The name of Sydney television journalist Steve Barrett has cropped up in connection with the alleged $165 million Australian Tax Office tax scam.
Twenty-five years ago, when “The Bar Rat” was working as a crime reporter for one of the commercial networks, his behaviour was the subject of a classic Media Watch gotcha. After the police had shot a demented old schizophrenic on a suburban street, the media descended on the poor man’s house on their usual frantic quest for pictures of the victim and an interview with his widow. Two TV crews were already in the lounge room looking at a family photo album when Barrett arrived. One of the cameramen already in the room sensed trouble and quietly began filming from his lap.
The footage didn’t capture Barrett announcing himself as being from a media organisation, and he told the widow that photos of her husband were required “for police identification purposes”, then reached down and took the pictures he wanted from the album.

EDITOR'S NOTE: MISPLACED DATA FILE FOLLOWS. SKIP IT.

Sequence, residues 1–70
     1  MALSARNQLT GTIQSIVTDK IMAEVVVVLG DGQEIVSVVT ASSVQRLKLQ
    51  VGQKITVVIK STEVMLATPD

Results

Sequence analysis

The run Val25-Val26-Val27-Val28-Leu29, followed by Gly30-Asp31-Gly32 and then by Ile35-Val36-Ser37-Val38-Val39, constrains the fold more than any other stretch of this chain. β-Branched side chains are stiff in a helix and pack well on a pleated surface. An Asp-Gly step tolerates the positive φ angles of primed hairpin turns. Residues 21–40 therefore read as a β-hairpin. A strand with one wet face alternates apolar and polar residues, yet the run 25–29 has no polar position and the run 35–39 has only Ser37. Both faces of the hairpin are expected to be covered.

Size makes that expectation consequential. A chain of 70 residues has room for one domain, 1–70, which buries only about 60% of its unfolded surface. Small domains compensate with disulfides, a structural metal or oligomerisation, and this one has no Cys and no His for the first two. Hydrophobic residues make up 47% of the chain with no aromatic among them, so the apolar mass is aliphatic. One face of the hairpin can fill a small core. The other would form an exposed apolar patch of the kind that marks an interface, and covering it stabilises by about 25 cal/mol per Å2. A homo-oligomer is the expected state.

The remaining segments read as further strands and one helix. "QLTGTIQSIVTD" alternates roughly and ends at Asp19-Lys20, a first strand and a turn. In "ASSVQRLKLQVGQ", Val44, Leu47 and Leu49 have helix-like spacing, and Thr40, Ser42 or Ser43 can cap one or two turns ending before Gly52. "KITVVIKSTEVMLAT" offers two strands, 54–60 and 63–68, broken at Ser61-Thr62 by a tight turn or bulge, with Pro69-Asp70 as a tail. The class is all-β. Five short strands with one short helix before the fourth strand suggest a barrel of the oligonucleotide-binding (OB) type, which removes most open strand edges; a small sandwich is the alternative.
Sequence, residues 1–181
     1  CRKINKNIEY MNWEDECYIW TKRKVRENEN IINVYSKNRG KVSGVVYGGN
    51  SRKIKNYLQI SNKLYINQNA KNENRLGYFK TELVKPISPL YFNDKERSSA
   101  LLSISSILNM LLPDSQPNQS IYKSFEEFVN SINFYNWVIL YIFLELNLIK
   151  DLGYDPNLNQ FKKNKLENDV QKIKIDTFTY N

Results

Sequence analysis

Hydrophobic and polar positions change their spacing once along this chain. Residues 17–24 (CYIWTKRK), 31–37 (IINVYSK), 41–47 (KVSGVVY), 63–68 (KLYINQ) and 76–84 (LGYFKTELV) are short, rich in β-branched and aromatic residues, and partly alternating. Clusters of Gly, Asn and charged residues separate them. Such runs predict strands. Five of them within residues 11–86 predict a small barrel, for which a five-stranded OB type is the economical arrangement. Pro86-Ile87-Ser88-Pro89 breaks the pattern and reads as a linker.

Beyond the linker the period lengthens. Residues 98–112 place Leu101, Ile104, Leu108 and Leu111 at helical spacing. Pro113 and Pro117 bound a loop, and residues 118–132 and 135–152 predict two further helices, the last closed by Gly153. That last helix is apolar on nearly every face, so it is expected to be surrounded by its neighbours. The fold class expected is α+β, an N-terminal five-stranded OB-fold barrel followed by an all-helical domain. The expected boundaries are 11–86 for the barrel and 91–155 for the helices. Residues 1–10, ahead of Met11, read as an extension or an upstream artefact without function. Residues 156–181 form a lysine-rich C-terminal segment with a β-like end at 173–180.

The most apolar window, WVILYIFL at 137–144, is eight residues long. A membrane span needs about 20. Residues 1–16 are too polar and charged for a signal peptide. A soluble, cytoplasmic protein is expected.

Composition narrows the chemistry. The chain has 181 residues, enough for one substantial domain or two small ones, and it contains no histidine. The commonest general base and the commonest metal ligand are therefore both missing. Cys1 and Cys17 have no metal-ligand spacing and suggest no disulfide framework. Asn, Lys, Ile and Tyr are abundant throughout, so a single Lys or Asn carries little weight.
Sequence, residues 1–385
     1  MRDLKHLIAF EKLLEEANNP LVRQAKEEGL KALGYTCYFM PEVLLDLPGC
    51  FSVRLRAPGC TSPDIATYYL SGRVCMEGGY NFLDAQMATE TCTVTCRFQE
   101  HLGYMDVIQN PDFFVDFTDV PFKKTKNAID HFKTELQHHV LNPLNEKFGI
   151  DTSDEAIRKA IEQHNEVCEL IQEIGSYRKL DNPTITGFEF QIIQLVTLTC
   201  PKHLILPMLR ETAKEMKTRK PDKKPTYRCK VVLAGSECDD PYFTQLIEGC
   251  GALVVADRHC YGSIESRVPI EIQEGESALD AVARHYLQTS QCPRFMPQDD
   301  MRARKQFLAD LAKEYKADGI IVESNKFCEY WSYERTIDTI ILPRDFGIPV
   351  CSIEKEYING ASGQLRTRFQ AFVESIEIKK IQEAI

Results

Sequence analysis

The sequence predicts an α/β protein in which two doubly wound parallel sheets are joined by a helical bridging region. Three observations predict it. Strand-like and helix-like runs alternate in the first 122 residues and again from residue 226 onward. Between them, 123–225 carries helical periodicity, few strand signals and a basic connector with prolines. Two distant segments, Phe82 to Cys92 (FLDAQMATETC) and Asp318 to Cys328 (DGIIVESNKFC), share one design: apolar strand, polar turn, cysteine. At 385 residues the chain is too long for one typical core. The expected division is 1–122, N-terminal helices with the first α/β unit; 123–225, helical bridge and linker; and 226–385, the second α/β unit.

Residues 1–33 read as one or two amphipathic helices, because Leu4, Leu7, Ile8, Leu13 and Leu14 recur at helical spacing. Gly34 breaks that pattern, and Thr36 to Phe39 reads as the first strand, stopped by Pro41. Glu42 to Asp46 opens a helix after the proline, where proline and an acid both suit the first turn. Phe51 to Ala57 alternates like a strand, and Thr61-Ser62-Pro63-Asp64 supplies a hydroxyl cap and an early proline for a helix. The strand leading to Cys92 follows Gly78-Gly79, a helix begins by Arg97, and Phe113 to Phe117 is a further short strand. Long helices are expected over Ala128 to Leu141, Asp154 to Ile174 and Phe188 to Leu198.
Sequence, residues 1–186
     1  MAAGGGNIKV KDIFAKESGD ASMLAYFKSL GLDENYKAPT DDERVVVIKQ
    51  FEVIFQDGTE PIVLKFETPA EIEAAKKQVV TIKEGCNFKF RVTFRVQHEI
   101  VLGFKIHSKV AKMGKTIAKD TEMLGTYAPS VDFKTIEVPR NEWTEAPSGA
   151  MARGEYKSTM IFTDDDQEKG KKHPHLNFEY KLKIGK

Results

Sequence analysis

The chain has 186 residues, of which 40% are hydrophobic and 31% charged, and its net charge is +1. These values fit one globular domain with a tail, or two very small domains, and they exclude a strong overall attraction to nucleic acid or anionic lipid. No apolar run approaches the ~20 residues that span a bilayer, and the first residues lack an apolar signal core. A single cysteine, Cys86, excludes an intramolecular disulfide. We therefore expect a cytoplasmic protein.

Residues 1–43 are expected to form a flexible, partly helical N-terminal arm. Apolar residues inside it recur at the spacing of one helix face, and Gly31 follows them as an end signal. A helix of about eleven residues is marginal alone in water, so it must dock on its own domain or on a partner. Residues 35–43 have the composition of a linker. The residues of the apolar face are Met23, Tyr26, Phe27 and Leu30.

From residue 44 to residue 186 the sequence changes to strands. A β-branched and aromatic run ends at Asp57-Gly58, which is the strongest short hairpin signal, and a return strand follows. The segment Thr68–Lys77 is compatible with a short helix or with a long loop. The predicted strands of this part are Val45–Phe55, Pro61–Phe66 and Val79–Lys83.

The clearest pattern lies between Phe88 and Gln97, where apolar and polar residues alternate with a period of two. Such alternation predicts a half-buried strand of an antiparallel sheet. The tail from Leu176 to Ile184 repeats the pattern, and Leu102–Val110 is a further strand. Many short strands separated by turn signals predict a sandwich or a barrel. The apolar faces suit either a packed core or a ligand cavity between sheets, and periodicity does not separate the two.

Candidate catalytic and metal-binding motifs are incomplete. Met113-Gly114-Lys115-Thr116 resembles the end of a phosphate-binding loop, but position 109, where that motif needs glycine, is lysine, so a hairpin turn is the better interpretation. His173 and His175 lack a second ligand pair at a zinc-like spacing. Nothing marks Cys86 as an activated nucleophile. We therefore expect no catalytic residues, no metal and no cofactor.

The footage of this clear breach of professional ethics found its way to Media Watch and formed the basis of a segment that would, for any other journalist, most probably have ended their careers. Media Watch then followed up their expose by referring the material they’d obtained to the journalists’ union, the Media, Entertainment and Arts Alliance (MEAA), for consideration by its judiciary committee.
Save up to 50% on a year of Crikey
Choose what you pay, from $99.
Nothing happened. First, the MEAA said that they didn’t need to review Barrett’s behaviour because no complaint had been made to them (this was hardly surprising, as the widow had no English). Media Watch made their own formal complaint on her behalf, but again nothing happened. The MEAA now claimed they couldn’t assemble the required number of Barrett’s colleagues to form a judiciary committee panel. After yet more pressure from Media Watch — and more than a year after the incident — the committee finally met.
The result? Barrett was cleared of any wrongdoing, despite the footage showing at least two breaches of the Journalists’ Code of Ethics. The MEAA then issued a summary of their findings, which concentrated on their own allegation that Media Watch had misrepresented the incident and had unfairly criticised Barrett through the use of “selective editing”.